Do People Still Read Blogs?

Small websites can use blogging to improve their SEO and build an audience—but you have to do it right!

Note from Sarah: This article was originally sent via my newsletter. Newsletter subscribers receive essay style pieces like this before anyone else. Click here to subscribe!

I’ve had the question several times lately,

Do people still read blogs?

The short answer is: yes! They most certainly do!

The long answer: The way people discover and consume blogs is very complicated.

We know—the data demonstrates this—that long-form content performs very, very well. We know that if you build pillars of topical content that solves your audience’s problem, structure it correctly, and keep it current, people will visitor even small websites. We also know that blogs (you don’t have to call it that—it’s a weird word!) are the easiest way to do so.

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We also know that people engage with and interact with content differently than they used to.

Back when I was first blogging, you grew a community around you blog. I’d write a new post and would be immediately swarmed with comments. I got to know my readers via email and I read their blogs. (I’m still friends with many of these folks I met back in 2007-09!) It was very easy to understand what content was engaging—not just clicked. Now it’s much harder.

Blog comments are almost nonexistent. I get a couple a week and that blows me away, to be honest. Usually questions or thank yous because someone’s problem was solved, but a couple a week seems enormous. Most of my clients, understandably, don’t even have comments on their blogs because it’s not necessary and low quality comments can hurt your SEO. (This is a topic in and of itself.)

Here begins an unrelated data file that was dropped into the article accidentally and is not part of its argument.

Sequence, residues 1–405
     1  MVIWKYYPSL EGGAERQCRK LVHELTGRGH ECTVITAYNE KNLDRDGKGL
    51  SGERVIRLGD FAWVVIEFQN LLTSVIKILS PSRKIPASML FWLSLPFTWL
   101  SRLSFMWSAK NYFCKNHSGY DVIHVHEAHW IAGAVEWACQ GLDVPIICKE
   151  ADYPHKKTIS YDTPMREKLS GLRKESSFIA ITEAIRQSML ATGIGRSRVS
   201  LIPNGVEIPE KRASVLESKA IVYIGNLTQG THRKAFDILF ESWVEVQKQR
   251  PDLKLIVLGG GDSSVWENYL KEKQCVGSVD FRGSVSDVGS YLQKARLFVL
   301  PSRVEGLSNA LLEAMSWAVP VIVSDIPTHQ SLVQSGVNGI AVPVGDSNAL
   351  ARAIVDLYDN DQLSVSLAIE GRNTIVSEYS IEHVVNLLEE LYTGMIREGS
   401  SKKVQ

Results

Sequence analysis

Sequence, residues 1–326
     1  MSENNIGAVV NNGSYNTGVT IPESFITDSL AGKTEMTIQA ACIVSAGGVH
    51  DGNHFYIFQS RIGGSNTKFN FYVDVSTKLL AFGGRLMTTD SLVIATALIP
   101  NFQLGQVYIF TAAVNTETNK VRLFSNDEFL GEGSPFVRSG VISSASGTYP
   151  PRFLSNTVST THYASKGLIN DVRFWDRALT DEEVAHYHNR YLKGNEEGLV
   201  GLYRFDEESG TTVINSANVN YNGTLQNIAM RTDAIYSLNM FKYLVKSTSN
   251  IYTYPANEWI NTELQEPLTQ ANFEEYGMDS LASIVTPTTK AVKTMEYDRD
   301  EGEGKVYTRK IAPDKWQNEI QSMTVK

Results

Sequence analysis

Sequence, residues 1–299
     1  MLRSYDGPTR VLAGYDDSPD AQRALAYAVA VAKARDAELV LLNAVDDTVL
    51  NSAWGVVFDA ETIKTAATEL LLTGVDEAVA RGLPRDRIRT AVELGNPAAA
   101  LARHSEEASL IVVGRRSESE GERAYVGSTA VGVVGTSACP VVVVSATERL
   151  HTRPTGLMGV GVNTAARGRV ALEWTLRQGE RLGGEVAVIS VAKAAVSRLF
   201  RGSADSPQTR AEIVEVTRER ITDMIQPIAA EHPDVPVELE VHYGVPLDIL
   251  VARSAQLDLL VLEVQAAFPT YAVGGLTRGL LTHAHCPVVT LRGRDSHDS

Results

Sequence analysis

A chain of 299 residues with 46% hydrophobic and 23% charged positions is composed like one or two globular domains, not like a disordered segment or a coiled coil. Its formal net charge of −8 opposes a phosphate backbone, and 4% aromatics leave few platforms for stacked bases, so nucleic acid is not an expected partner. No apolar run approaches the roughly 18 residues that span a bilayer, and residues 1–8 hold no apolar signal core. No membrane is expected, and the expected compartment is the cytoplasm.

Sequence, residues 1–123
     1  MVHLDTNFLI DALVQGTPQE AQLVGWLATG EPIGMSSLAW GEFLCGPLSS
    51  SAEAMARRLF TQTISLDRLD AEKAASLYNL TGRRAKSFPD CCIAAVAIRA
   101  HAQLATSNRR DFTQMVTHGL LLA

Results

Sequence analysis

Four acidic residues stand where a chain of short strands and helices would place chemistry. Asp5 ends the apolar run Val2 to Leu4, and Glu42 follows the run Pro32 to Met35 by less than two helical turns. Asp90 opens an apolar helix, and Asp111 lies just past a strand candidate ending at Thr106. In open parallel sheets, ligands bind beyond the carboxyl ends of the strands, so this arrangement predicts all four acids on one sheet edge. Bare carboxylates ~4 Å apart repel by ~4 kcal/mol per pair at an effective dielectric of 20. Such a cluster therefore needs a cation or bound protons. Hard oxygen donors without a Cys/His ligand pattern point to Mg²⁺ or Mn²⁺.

People instead engage with blog type content by sharing or saving it, which makes it harder to understand what’s landed and what hasn’t. I like to insert newsletter signups into my posts as a metric because I’ll see certain posts generate signups over time, whereas others never do. Many of these posts also have a fair number folks discover them via social media, so that’s also good feedback.

In my unscientific-but-still-pretty-reliable-because-I-do-this-stuff-professionally-opinion, the content that’s most frequently read and engaged with is the following:

  • How-tos (step by step—this can get scooped up by google in a specific way, if the schema is correct)
  • Definitive guides (dig into a topic in a substantive way, basically everything someone needs to know)
  • FAQ content (think a very narrow topic with questions and answers—this can preview in google in a specific way as well)
  • 5 Things posts (think “5 things you should know before X”)

Is this a lot of work? Sure! Is it the kind of blogging that people still read? Yep! Do you need to to have a strategy for what you want people to do after they find your blog? Indeed! But that’s the reality if you want to include a blog as part of your marketing strategy.

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